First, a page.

With 119,279 votes in, data shows majority of voter decisions were made early on congressional race

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An analysis of the ballots being returned by voters in the congressional race shows that by mid-May, most of the expected ballots had already been received by the Division of Elections. The current push for “get out the vote” is for a smaller and smaller universe of expected ballots.

The number of ballots the Division of Election has in hand now stands at 119,279, with another data release expected late Thursday by the division.

About 3,000-4,000 mail-in ballots are expected by election analysts to be received per day Thursday through Saturday, with a total vote count looking to be about 135,000.

Saturday is the final day when ballots can be postmarked for the election that will decide which four candidates will compete to fill the temporary congressional seat for Alaska.

 The Division of Elections has received more than 60,000 undeliverable ballot envelopes from the post office and voters. That is more than 13% of the entire voter roll, and the returned mail will assist the Division of Elections in future purges of the voter roll.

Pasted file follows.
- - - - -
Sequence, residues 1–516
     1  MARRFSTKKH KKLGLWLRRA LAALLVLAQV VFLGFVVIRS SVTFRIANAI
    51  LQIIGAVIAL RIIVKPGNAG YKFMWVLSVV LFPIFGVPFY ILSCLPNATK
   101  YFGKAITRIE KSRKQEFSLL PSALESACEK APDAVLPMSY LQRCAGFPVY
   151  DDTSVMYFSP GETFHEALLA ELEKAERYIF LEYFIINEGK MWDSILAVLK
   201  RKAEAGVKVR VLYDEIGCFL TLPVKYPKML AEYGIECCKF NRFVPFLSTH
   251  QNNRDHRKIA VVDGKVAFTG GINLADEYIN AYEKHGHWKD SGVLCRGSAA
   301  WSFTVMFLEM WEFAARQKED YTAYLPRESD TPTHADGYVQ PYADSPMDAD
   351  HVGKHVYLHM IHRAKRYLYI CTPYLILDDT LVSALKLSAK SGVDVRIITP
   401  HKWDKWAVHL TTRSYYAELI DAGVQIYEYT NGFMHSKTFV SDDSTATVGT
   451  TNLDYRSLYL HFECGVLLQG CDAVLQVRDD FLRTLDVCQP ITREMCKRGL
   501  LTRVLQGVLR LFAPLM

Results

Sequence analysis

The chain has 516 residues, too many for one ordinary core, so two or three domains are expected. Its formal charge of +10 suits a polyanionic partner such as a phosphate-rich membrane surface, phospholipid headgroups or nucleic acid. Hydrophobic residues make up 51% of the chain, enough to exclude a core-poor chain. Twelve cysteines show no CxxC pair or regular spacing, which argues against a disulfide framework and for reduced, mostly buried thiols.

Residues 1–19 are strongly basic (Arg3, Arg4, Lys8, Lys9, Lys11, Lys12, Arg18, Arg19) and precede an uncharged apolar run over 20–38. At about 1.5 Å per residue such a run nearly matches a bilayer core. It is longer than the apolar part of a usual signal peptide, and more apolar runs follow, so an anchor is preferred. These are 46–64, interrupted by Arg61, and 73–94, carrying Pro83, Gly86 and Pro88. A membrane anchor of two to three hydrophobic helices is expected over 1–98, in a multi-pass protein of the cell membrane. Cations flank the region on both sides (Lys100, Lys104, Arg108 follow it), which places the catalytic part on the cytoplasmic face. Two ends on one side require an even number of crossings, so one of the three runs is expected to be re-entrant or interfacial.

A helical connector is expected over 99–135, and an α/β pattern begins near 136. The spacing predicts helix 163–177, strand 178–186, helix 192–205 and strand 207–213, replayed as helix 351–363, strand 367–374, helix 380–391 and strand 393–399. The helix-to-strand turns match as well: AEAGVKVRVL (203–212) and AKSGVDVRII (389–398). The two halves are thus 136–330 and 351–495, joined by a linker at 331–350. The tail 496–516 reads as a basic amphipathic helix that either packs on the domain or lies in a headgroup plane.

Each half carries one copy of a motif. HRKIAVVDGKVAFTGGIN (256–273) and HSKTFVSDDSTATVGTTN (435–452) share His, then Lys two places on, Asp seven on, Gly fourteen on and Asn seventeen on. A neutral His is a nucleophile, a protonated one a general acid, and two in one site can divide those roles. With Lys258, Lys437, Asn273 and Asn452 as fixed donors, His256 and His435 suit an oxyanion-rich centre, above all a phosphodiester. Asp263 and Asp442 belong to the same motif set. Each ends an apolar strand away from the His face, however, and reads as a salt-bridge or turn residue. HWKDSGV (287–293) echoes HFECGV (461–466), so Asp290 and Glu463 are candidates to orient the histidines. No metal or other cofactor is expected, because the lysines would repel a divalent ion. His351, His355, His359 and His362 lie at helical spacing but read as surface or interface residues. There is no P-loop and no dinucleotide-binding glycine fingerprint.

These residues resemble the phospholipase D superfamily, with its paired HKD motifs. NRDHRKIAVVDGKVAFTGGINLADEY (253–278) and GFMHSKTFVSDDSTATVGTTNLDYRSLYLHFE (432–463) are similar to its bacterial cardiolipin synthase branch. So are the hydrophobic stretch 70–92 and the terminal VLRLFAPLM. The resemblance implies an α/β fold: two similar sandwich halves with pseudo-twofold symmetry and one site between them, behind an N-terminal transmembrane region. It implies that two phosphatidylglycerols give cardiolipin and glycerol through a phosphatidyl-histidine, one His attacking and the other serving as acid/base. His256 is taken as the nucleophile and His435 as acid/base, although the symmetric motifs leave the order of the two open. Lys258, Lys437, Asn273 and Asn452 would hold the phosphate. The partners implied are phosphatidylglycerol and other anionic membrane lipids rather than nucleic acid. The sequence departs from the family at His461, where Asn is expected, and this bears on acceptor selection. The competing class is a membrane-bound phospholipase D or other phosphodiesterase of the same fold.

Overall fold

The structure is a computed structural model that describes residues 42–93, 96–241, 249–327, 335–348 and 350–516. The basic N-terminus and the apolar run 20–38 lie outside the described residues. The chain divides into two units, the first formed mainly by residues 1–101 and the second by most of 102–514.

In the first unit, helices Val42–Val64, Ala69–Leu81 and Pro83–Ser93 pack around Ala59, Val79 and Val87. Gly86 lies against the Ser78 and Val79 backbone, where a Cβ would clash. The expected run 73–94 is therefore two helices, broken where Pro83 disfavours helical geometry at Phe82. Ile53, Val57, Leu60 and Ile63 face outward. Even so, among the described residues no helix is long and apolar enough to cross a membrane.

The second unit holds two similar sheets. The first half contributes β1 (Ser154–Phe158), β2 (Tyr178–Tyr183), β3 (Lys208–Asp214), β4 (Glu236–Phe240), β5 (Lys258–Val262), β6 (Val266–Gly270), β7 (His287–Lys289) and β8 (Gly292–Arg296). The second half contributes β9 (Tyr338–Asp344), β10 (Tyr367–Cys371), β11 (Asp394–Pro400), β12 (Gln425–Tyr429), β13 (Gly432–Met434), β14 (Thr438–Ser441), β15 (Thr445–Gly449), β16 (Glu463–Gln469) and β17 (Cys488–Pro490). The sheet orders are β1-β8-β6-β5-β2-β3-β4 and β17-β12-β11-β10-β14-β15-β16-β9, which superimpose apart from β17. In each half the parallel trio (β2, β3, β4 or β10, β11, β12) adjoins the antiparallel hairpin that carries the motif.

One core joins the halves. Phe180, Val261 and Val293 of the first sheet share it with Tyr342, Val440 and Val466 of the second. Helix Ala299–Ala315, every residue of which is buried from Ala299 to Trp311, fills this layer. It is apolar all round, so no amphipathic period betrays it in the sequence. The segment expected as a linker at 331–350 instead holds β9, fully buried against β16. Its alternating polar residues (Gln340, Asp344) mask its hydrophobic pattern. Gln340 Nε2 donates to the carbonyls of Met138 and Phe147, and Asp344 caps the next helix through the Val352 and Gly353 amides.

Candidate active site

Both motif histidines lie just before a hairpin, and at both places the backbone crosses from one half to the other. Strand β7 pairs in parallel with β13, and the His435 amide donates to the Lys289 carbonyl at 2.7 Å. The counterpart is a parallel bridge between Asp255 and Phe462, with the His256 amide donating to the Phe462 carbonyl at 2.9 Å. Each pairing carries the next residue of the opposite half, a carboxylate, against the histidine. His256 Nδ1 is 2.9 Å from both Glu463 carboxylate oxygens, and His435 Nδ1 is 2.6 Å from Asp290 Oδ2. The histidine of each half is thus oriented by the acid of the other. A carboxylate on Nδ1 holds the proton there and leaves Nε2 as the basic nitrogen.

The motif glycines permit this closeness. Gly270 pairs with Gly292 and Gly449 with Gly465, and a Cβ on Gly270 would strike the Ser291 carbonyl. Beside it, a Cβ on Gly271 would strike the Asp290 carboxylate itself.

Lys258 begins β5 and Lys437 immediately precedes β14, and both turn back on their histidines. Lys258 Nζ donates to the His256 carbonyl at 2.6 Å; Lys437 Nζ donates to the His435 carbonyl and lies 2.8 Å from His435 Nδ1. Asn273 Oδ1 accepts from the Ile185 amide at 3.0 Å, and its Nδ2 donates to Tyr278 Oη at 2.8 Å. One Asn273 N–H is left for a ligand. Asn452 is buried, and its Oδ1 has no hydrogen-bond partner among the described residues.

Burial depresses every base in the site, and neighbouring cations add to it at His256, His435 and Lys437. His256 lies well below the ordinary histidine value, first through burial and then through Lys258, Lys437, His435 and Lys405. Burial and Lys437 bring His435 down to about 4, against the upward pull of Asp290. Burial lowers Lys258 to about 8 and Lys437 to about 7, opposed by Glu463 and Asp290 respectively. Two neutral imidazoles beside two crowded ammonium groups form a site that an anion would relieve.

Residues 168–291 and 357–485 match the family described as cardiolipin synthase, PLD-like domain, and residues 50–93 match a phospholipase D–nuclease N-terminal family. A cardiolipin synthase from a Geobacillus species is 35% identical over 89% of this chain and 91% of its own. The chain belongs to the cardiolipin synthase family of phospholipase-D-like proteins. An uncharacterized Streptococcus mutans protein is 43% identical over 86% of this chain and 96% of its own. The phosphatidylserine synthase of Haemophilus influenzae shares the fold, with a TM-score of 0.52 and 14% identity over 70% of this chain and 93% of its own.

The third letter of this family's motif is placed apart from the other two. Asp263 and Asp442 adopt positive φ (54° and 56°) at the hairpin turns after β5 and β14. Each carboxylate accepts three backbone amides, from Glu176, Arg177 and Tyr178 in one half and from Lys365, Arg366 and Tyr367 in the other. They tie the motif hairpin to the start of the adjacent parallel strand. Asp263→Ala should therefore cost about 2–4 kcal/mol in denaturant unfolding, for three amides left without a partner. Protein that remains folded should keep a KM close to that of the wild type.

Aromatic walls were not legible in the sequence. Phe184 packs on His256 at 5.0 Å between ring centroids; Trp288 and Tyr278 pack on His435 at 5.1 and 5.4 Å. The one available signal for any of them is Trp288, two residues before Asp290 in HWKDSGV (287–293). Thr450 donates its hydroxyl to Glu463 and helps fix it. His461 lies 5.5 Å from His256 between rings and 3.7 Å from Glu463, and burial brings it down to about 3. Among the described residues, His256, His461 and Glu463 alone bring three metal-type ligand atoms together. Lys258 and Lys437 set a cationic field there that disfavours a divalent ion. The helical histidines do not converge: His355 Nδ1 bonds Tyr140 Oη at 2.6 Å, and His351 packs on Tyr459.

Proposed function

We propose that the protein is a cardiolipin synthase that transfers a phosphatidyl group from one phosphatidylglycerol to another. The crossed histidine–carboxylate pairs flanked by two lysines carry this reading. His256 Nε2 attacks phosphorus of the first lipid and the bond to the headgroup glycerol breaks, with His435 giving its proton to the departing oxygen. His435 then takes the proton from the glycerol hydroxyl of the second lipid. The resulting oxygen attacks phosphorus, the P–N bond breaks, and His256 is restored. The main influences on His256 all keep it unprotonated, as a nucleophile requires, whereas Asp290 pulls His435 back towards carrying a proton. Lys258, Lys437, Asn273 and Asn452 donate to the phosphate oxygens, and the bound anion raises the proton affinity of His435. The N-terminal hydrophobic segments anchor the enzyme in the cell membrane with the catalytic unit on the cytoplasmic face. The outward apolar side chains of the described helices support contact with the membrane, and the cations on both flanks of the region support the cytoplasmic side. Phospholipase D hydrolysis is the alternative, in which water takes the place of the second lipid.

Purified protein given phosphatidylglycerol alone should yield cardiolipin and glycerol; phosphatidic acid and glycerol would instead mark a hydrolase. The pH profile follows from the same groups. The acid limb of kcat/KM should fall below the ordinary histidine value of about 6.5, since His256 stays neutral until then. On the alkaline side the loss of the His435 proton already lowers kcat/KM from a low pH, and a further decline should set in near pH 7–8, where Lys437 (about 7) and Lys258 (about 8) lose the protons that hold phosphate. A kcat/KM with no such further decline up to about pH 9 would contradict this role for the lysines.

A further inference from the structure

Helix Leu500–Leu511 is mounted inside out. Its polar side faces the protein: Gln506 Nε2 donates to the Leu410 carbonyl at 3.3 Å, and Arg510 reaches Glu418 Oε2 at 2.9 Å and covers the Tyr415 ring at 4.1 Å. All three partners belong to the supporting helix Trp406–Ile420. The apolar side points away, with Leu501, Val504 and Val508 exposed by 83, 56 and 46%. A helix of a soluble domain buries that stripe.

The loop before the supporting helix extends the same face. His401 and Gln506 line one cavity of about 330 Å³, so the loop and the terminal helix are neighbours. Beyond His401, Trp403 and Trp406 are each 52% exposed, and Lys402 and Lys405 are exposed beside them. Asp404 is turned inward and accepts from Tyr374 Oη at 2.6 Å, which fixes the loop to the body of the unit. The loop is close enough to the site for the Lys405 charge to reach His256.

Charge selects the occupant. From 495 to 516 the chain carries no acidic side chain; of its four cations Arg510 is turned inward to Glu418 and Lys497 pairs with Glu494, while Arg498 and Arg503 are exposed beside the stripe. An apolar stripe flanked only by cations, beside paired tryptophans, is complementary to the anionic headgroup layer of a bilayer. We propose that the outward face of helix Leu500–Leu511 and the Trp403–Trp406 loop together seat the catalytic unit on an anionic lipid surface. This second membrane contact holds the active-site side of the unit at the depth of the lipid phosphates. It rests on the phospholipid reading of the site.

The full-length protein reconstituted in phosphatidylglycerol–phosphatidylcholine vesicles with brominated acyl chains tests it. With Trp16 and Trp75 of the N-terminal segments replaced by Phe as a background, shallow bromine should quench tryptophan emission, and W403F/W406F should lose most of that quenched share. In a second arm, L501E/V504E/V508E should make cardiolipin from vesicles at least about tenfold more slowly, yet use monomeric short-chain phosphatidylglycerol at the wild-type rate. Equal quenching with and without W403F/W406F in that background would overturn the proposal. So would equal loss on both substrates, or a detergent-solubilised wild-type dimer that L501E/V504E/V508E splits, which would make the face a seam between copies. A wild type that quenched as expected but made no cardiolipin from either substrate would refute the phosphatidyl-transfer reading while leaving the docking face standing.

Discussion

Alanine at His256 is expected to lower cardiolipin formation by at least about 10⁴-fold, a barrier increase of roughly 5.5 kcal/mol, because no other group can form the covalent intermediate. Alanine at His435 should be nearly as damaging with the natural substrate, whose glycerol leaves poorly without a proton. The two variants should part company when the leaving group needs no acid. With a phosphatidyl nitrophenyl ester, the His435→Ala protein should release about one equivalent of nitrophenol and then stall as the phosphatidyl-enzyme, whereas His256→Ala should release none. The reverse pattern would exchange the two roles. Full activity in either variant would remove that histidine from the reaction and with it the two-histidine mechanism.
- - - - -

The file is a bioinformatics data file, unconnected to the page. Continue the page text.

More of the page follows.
The large population boroughs mailed in 1.7% (Anchorage) to 3.0% (Kenai) more ballots during the past three days.

The Kenai (22.9%) and Mat-Su (19.4%) Boroughs continue lead in total ballot turnouts.

Smaller hubs had ballot surges approaching 4%: Copper River, Petersburg and Denali.

Western Alaskan ballot flow is weakening:  North Slope Borough (0.4%) and Bethel (0.3%).

The most recent ballots trended from conservative areas, and the net Republican advantage is rose from 8.4% to 13.8% for the period.

6 COMMENTS

  1. Some body should already be working on a plan of action to purge those 60,000 returned ballots. Our voter rolls must be cleaned up and this mail in ballots mess stopped and in person voting put back in place….

  2. For me, this is one of the problems with lengthy voting periods, mail in or otherwise. So much can change in a short period of time. People who vote earlier in the process may change their minds as more information comes to light. But it’s too late. The vote has been cast. This vs normal Election Day, where the majority of people vote on the same day based on essentially the same set of facts & information.

  3. What a mess. I vote in person at Matsu borough building last week. But I found out about that via email from the party chair from my house district. Yesterday I text polled several people and none had votes. They forgot, or thought tomorrow the 11th was the day to vote, didn’t understand directions, too much hassle, so decided to skip it ……. The directions in the mail in ballot were abysmal. Very vague direction for voting in person and referred to it as absentee voting. No date information at all included in ballot information except June 11 deadline.

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